>> the >> times, and that it doesn't work in the other 50% of the times. >> >> So my question is: is there some way to tell if I've started on the
right
>> symbol (on the 1st); or that I've started on the wrong symbol (on the
2nd)
>> and that I should skip one symbol to get back on the 1st symbol? >> >> The way I'm doing it now is that I'm checking the viterbi error and if >> it's too high, then I skip one symbol and try again... This works, but
it
>> doesn't seem right to me. >> >> Thank you for any replies ;) >> Jookie (M. Nohaj) >> >> >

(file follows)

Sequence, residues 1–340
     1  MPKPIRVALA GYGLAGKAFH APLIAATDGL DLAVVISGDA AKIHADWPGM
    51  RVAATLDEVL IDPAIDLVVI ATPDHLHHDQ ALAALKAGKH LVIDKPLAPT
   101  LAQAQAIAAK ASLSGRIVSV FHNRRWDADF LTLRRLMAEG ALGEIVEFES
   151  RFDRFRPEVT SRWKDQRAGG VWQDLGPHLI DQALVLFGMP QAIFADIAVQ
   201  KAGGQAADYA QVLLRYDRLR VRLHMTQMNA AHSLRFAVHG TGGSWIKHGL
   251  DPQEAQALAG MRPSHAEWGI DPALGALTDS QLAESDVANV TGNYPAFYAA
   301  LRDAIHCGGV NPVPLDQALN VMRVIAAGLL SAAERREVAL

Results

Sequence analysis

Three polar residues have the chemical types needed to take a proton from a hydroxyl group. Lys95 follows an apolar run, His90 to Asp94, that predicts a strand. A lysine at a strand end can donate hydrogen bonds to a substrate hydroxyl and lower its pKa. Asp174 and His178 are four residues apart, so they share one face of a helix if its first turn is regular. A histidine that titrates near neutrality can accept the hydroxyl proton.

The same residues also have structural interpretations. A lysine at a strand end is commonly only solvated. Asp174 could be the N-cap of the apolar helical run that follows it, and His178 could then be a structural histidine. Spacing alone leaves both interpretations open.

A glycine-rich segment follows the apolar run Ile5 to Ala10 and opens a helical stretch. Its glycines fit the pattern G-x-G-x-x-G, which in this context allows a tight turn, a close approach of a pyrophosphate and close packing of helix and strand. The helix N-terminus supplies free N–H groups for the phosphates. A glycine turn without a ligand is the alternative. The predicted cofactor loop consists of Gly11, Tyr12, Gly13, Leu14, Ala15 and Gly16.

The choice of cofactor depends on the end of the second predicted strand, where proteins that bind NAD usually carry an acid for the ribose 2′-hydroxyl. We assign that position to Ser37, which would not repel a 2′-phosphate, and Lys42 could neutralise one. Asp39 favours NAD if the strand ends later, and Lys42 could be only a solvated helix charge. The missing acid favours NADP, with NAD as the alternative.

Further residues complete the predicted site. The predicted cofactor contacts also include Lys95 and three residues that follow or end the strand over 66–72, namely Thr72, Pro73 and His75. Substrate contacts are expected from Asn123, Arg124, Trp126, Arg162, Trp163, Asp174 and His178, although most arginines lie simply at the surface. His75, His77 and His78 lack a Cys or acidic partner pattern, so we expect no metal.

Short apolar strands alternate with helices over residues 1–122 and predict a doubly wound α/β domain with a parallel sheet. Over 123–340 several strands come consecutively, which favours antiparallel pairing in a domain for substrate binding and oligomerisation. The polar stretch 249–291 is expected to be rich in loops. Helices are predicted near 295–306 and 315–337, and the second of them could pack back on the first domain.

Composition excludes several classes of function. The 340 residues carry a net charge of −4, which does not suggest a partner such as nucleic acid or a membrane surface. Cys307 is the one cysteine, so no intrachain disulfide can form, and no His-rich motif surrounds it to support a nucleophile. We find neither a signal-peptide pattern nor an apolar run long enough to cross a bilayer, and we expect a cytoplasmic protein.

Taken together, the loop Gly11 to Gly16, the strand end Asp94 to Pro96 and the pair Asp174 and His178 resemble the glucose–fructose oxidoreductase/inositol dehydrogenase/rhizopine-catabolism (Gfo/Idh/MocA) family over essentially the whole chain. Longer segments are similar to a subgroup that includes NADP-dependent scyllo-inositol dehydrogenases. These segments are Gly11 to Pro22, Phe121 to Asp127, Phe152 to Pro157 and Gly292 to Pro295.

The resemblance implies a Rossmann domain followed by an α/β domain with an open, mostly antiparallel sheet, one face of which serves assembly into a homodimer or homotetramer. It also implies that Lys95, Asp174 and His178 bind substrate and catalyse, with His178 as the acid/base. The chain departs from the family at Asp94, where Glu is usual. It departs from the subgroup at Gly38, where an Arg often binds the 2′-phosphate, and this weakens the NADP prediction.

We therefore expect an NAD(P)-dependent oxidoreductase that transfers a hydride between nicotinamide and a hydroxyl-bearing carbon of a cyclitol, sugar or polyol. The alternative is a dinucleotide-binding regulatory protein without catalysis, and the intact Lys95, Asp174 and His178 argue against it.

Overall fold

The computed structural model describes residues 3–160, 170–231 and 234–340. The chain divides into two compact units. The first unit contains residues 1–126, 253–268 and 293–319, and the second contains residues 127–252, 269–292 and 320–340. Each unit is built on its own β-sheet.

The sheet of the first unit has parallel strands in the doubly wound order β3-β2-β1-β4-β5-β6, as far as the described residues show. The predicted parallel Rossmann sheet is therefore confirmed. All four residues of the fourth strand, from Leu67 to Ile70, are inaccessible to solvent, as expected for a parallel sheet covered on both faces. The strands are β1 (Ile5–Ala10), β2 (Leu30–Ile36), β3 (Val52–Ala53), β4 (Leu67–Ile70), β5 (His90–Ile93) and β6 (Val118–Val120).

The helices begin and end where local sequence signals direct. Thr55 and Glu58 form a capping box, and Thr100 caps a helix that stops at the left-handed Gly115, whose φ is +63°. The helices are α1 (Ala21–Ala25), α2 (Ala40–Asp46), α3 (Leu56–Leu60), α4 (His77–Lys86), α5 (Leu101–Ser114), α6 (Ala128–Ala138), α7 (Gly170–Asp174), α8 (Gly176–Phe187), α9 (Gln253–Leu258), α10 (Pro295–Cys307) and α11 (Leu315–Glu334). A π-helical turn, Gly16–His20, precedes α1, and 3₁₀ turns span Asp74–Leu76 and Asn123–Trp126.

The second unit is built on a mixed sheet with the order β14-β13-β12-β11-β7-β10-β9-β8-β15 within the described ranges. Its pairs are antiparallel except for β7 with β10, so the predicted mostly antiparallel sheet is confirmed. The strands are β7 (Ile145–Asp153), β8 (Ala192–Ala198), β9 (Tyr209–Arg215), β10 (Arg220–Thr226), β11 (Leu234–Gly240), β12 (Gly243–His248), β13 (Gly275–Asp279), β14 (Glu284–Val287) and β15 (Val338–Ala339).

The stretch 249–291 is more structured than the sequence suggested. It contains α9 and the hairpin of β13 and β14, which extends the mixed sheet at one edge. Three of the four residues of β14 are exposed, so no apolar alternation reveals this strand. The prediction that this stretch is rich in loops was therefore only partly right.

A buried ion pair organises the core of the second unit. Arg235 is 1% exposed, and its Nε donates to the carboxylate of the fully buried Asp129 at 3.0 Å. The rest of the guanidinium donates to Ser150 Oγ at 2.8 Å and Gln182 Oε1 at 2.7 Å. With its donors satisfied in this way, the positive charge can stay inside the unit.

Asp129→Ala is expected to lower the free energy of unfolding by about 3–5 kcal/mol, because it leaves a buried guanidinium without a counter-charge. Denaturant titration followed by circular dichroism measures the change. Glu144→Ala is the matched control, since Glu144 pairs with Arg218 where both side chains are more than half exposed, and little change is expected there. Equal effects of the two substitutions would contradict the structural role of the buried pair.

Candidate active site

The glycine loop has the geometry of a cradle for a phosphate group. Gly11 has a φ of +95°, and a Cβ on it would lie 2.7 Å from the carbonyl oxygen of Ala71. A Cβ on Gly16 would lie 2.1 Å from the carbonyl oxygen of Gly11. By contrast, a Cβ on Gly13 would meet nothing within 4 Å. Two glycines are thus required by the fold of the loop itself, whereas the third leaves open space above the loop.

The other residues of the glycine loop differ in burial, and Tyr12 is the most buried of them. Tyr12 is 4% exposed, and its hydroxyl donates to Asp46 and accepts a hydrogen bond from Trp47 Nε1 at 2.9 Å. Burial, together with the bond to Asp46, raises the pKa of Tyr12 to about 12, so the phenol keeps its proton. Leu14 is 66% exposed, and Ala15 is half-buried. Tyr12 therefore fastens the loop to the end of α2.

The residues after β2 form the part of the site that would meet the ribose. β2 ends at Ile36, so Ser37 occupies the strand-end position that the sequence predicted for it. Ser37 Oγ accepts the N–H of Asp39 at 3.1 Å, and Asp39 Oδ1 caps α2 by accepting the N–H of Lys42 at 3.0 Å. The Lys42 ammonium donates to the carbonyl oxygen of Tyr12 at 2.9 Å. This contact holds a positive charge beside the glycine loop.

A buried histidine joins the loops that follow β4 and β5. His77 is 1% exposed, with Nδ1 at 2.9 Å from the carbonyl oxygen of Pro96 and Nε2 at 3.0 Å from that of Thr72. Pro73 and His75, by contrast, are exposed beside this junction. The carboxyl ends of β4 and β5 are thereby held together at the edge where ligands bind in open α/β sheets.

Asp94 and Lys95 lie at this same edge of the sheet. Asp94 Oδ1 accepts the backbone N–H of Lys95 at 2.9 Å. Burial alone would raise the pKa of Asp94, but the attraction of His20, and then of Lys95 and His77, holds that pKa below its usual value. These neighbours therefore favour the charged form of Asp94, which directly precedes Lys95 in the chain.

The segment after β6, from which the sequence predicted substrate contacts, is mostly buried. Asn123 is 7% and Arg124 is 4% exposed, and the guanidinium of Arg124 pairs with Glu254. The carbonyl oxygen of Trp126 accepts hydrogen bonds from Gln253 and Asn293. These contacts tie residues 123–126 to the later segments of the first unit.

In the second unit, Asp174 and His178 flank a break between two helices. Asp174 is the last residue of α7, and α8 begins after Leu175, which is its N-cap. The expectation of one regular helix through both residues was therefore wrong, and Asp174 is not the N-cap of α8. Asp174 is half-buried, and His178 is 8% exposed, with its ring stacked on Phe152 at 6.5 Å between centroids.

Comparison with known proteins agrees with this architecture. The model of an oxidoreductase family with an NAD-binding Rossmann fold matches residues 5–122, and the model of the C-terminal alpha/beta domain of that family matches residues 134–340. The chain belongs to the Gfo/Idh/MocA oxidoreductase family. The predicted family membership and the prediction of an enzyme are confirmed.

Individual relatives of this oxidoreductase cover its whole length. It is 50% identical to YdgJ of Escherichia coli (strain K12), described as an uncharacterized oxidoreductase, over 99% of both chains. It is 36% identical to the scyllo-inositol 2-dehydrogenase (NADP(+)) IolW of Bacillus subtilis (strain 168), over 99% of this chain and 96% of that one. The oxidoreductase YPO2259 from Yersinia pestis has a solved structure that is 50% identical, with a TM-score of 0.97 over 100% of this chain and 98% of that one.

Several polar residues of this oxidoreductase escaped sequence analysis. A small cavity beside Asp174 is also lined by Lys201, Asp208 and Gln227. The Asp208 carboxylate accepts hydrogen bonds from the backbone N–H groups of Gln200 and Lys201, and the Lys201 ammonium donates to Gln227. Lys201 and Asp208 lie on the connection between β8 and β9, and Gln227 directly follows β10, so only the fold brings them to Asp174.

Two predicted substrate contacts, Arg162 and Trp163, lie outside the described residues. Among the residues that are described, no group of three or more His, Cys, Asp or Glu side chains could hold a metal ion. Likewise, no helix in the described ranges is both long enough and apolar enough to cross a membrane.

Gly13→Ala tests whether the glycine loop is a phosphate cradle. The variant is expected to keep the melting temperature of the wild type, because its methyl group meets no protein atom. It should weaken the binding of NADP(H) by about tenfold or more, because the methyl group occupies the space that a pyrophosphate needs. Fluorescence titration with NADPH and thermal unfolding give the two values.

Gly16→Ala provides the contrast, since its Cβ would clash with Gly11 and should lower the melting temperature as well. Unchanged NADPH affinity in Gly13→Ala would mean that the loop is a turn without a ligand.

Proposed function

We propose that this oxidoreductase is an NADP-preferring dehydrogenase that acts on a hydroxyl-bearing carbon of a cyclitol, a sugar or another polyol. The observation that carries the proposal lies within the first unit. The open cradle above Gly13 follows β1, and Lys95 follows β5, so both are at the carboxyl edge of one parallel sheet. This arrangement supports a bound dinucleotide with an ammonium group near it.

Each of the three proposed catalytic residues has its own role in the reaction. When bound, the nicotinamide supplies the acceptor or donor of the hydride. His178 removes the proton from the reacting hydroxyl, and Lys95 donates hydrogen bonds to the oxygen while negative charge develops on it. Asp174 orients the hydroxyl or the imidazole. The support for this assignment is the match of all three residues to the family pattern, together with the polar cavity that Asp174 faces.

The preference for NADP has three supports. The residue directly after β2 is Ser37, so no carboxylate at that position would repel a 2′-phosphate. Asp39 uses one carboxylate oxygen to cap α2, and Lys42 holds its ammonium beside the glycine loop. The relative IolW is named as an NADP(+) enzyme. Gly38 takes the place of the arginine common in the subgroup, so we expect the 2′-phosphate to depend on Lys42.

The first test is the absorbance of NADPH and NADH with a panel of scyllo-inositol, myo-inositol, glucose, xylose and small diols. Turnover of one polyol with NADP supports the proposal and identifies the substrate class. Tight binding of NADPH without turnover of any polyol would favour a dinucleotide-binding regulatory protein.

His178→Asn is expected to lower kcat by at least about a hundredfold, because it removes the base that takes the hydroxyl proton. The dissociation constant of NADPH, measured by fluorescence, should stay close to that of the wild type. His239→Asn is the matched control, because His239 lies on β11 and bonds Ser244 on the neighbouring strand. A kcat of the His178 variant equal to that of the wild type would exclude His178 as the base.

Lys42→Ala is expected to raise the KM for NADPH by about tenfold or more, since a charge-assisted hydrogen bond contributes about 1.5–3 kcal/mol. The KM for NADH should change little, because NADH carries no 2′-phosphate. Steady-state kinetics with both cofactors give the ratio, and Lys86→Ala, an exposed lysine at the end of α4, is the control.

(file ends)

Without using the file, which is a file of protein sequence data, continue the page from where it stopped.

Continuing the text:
I am having the same problem using a Viterbi Decoder. I am implementing the design in an FGPA using an IP core that is provided by Altera. One of the proposed solutions referred me to the following link: http://tmo.jpl.nasa.gov/progress_report/42-128/128E.pdf The paper discusses node synchronization and described the exact problem that I am having, however after talking with Altera's Technical support staff, they told me that I cannot use the BER or normalization rate, which is generated by the their IP core, as a method to synchronize my data. Their core uses the common approach to decode the incoming data stream, then re-encode it and compare it against a delayed version. The way I understand this concept is, when the Viterbi Decoder is synchronized it should not have to normalize any of the branch metrics therefore the normalization rate should be very low. The same is true for the BER. So I figured that I can just determine an appropriate threshold value and monitor when the BER and normalizations exceed the threshold and auto adjust my incoming data accordingly to ensure that I'm always synchronized. Makes sense to me, but Altera says that these parameters are only good for estimating channel quality and not synchronizing. Xilinx has a comparable Viterbi IP core that claims I can use BER and normalizations for my purpose. http://www.xilinx.com/ipcenter/catalog/logicore/docs/viterbi_synchronization.pdf Am I missing something here? Any input is greatly appreciated. Jeff